Phenomena

Riding Across Water

Humans may not be fast enough to run across water, but we’ve found other ways to conquer the waves. It’s even possible (though definitely not recommended) to ride across stretches of water on a dirt bike. To do so, you have to keep the bike (hydro)planing, and to understand what that means, let’s take a moment to talk about boats.

At low speeds, boats stay afloat based on buoyancy, a force that depends on how much water they displace. But when moving at high speeds, modern speedboats lift mostly out of the water and skim the surface instead. At this point, it’s hydrodynamic lift that keeps the boat above the surface and we say that the boat is planing. Calculating that hydrodynamic lift is fairly complicated and depends on many factors – for those who are interested, check out some of David Savitsky’s papers – but, generally speaking, going faster gives you more lift.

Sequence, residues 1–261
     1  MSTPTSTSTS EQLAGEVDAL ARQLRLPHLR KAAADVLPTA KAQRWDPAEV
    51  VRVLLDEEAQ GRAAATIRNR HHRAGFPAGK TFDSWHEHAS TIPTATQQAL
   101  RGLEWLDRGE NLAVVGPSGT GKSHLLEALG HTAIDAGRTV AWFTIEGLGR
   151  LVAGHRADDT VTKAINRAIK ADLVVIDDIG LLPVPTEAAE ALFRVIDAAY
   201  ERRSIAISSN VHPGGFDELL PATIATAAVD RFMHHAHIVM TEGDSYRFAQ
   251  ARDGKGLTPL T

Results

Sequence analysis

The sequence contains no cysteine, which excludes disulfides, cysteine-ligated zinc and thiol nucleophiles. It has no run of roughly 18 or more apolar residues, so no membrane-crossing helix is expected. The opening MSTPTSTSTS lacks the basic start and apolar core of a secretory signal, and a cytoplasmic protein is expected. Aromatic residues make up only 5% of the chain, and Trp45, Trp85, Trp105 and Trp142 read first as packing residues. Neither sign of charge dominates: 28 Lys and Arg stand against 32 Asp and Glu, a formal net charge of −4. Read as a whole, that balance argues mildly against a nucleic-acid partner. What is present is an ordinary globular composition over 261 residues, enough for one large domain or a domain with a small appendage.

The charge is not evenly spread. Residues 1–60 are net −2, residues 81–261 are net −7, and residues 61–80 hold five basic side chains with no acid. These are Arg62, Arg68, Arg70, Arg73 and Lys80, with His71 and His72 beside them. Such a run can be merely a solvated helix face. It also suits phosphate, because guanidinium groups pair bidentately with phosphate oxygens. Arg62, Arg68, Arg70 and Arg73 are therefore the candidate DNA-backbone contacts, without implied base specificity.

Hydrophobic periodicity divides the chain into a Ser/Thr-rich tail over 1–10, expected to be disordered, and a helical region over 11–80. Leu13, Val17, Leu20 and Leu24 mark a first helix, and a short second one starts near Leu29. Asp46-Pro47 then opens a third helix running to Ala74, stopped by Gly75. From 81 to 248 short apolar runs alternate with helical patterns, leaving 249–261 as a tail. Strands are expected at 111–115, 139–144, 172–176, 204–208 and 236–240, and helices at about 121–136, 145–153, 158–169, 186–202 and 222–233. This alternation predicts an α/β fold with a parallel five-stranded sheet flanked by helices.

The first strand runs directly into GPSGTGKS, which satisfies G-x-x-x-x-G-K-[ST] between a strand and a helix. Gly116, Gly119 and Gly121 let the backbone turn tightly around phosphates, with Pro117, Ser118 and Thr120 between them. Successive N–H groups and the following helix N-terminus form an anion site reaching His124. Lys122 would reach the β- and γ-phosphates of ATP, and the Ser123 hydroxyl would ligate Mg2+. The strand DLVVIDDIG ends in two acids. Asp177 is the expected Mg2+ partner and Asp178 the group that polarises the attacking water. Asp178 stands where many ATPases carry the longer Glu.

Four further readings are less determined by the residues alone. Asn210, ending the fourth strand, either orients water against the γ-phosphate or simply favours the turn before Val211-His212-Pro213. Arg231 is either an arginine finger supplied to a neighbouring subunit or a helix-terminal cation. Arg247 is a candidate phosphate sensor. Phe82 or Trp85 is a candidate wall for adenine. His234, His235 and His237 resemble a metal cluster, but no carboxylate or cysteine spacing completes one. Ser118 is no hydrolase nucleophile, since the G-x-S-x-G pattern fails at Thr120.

This brings us back to the dirt bike. There’s nothing particularly hydrodynamic about a dirt bike. It’s not shaped to provide hydrodynamic lift, but it does come with a high power-to-weight ratio. It’s this ability to create pure speed, and a rider’s keen sense for holding the bike at the right angle, that enables pros to cross open water. Needless to say, this is the kind of stunt that could end really badly, so don’t try it yourself. (Image credits: C. Alessandrelli, source; EnduroTripster, source; via Digg; submitted by 1307phaezr)

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